UK

​Westminster Paedophile Ring Murder Could Have Been 'Covered Up', Detective Who Worked On Case Claims

20/11/2014 10:20 GMT | Updated 20/11/2014 11:59 GMT
Scott E Barbour via Getty Images

A father's claims his young son may have been murdered at the hands of a Westminster paedophile ring could be correct and possibly even "covered up" by police, according to a detective who worked on the original case.

Jackie Malton told the Daily Telegraph the case of eight-year-old Vishal Mehrotra's death 33 years ago was never solved even though officers were "highly passionate" about it, while she had a feeling of "misuse of power" during her time at Scotland Yard.

Earlier, Vishal's father Vishambar Mehrotra, a retired magistrate, told the paper he recorded a male prostitute saying in a telephone call that Vishal may have been abducted and taken to the Elm Guest House in Barnes, south-west London, in 1981, but police took it no further.

The guest house is at the centre of a new Scotland Yard inquiry announced last week and triggered when an alleged victim came forward claiming to have witnessed three little boys being killed, including one allegedly strangled by a Tory MP during a sex game.

Miss Malton, a former detective chief inspector and the inspiration for the Prime Suspect TV drama series, said: "There is clear evidence that something was happening at that guest house. If nothing has been done about it in retrospect, then Mr Mehrotra is right. Either the police disbelieved it, or they covered it up one way or another.

"I do remember that the officers were highly passionate about the Mehrotra case, but for some reason we never managed to get anywhere."

While she said she had no evidence officers in the case were leant on, she said the influence of politicians was felt in the force during that period.

"There was also a strong sense of the power of Parliament and of politicians. It was very much a case of 'Do as you are told'," she said.

The skull and several rib bones of Vishal were discovered in 1982 by pigeon shooters in remote marshland at Durford Abbey Farm, at Rogate, close to the Hampshire-West Sussex border.

Vishal, from Putney, south-west London, vanished while shopping with his nanny and sister on July 29 1981 - the same day Lady Diana Spencer and the Prince of Wales were married.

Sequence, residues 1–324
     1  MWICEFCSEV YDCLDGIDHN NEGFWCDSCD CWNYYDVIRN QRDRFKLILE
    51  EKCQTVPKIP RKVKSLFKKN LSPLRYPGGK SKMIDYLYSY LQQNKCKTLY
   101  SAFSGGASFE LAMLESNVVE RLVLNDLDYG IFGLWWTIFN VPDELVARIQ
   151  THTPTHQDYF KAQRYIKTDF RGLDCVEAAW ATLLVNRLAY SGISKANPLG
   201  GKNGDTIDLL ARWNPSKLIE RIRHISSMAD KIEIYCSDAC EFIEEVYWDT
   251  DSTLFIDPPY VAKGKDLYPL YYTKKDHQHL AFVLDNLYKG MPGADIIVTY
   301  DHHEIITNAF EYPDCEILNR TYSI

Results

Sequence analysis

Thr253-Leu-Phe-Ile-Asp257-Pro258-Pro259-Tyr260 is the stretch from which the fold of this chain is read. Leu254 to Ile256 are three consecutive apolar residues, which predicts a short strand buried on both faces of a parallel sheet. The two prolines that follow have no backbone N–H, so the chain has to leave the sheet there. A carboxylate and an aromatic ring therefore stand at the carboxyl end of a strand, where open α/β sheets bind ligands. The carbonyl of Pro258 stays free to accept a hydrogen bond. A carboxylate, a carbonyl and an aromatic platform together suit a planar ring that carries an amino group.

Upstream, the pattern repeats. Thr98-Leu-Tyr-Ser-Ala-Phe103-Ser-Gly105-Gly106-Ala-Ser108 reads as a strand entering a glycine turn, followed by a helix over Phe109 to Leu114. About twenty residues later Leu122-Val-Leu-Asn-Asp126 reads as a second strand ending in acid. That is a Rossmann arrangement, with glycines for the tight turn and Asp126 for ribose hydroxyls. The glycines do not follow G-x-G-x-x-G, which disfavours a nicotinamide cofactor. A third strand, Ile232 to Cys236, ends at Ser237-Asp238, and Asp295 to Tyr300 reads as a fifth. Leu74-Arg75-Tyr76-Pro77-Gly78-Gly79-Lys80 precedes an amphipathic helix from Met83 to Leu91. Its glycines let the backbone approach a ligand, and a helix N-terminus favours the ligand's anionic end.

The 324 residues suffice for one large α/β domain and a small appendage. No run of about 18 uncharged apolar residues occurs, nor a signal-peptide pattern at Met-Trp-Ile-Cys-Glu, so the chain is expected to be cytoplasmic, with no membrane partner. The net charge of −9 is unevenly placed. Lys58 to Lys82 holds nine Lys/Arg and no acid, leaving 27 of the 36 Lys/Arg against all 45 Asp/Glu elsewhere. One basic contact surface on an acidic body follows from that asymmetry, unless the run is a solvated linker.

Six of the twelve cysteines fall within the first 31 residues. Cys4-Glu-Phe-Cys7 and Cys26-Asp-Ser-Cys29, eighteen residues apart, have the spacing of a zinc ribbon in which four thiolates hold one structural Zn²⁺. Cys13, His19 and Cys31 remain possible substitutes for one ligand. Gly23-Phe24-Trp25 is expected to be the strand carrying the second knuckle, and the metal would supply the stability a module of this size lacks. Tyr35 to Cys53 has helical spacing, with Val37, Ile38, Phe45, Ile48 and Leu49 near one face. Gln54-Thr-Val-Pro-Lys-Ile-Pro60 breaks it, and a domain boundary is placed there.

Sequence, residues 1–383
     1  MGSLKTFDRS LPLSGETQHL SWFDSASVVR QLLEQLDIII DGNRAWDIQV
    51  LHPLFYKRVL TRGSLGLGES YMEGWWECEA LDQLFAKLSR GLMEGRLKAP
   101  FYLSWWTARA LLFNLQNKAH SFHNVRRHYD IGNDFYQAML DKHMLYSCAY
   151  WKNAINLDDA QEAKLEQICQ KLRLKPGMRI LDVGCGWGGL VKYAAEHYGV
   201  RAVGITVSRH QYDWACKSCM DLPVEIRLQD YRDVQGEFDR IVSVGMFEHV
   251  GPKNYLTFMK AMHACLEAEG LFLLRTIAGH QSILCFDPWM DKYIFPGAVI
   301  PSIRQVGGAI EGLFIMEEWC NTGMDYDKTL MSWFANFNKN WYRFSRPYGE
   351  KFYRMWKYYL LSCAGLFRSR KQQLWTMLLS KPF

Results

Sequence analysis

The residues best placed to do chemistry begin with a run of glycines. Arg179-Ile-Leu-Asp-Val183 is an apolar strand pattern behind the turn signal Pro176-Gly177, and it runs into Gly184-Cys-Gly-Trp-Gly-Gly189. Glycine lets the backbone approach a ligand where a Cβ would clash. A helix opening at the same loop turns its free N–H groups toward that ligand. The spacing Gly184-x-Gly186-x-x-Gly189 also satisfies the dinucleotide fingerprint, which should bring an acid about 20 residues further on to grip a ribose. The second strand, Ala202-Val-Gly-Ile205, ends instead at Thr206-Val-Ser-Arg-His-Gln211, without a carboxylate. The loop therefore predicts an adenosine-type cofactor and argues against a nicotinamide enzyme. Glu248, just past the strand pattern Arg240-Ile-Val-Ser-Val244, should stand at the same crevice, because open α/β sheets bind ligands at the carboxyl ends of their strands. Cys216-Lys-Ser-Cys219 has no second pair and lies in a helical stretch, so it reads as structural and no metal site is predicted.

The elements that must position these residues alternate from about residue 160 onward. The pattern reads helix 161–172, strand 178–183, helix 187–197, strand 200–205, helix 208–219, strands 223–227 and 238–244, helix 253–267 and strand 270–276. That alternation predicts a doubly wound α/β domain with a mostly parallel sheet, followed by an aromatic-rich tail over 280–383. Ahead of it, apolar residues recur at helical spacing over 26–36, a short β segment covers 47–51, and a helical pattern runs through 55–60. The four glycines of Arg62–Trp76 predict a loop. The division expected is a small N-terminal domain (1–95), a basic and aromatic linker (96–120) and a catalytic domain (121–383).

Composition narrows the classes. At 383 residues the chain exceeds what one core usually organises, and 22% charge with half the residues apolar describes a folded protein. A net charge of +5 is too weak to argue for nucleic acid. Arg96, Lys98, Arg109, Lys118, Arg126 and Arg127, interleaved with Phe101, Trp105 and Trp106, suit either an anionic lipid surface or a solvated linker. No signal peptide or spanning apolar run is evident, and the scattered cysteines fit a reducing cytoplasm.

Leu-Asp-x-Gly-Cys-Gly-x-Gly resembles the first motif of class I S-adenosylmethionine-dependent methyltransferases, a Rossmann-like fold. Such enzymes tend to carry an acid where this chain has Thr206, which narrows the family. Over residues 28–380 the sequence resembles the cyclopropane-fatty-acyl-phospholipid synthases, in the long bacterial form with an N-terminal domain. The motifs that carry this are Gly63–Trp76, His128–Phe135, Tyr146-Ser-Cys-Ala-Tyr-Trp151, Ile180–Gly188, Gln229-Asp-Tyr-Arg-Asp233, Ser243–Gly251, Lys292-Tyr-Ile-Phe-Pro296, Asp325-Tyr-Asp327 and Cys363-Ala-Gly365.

In June 1982, four months after Vishal's remains were found, police raided the Elm Guest House and it was widely reported at the time that the raids were linked to the boy's disappearance.

An alleged victim of the Westminster "paedophile ring" told officers he saw a Conservative MP strangle another young boy to death at an orgy in the 1980s.

“I watched while that happened. I am not sure how I got out of that. Whether I will ever know why I survived, I am not sure," the man, identified only as 'Nick' said.

He described how he and the victim had been driven to the party together. “I knew we were being taken somewhere to be sexually abused by powerful men. But I had no idea of the true horror of what was about to happen.

“The MP was particularly nasty, even among the group of people who sexually abused me and others. I still find it difficult to talk about these incidents after all these years.”

Nick told the paper his father had arranged for the men to have sex with him.

Meanwhile, former detective chief superintendent Roger Stoodley called on the Metropolitan Police to examine links between the 1980s paedophile ring led by Sidney Cooke, jailed following Operation Orchid, and Elm Guest House.

He told the Times: "The Orchid files - if they still exist - could hold the key to renewed concerns over the handling of police investigations into two child abductions.

"Elm Guest House came up in our inquiry but it was not within our remit at the time. It is in our system but we could not establish a link with Cooke.

Mr Stoodley said detectives worked on the assumption there were more victims, adding: "There are potentially 17 unsolved murders."

Scotland Yard said last week Operation Midland was launched into possible murder links to Operation Fairbank, which is looking into claims of ''serious non-recent sexual abuse''.

Operation Fairbank was launched in response to information passed on by MP Tom Watson, who used Prime Minister's Questions in 2012 to air claims that there was a paedophile ring with links to No 10.

A spokesman for the force said it was not providing a running commentary on the inquiries.

After the shocking revelations emerged last week, Labour MP Tom Watson, who has campaigned for investigations in to the alleged paedophile ring, said in a statement: "The allegations of cruelty, torture and murder are truly shocking and go far beyond the case I raised with the Prime Minister two years ago.

"The public will be deeply concerned which is why it is vital the police quickly establish the facts. It’s such a disturbing allegation that I have no doubt the resources will be found to conduct a thorough investigation.

“If true, this is a vital piece of the jigsaw in the pursuit of organised child abuse.

“We are at the point where the government should consider a national police inquiry made up of specialists from around the country. It is unfair to ask the police in London alone to investigate alleged crimes that took place in many regions of the UK. I am writing to the PM to make this request.”